Songs Of The Cowboys - online songbook

Traditional Cowboy & Western Songs - lyrics collection

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INTRODUCTION
xix
Ocean," and Jack Thorp's "Little Joe, the Wrang­ler " was composed to the tune of " The Little Old Log Cabin in the Lane."
Many of the cowboy songs, and almost all of the earlier ones, belong to the first type; they exist in­dependent of any printed origin and have come down to us through oral tradition. They are anony­mous because their authors have been forgotten, but this does not mean that they were not in the first place of individual authorship; although songs of such loose and catchy structure as "The Old Chis-holm Trail," "01dPaint,"or "TheDeerHunf'lend themselves easily to composite touches. Nor are all of the earlier songs without antecedents. "The Dying Cowboy" was modeled upon a sea-chantey and "The Cowboy's Lament "has been traced to a popular Irish military song of the eighteenth cen­tury — the cowboy who had the old song in his mem­ory may well have been of that race. Indeed, the accent of many of the songs has a distinctly Celtic echo:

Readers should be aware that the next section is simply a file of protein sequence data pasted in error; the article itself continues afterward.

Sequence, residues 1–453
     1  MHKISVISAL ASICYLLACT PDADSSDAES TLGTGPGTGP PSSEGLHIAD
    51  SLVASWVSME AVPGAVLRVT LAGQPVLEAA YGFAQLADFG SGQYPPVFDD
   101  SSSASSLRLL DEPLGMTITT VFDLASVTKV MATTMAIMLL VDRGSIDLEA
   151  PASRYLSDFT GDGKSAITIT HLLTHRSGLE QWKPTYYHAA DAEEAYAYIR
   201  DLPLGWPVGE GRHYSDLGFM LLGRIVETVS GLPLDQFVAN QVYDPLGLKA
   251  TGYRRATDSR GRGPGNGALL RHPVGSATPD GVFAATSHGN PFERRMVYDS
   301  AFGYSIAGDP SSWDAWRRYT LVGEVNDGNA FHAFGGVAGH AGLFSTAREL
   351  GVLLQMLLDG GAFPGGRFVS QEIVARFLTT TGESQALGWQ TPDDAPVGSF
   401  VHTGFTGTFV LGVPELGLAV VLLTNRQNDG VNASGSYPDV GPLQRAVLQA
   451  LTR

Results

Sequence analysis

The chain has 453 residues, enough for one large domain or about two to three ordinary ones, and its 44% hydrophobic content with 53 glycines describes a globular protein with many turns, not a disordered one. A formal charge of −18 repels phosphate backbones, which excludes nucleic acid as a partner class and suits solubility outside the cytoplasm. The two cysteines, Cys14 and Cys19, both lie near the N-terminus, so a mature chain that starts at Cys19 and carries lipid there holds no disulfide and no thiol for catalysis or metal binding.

There ivas a rich old rancher who lived in the country by; He had a lovely daughter, on whom I cast my eye.
But such adaptation and borrowing, far from prov­ing the cowboy songs merely "derelicts," as Pro­fessor Gerrould called them in a recent number of the New York Evening Post, is a very usual process, not only with folk-poets, but with other poets as well. Burns modeled many of his poems on well-known songs and airs of the countryside, and they are not therefore merely "derelicts"; nor is Mr. Yeats's "When I am Old and Gray and Full of






E-Book - An Annotated Compendium of Old Time American Songs by James Alverson III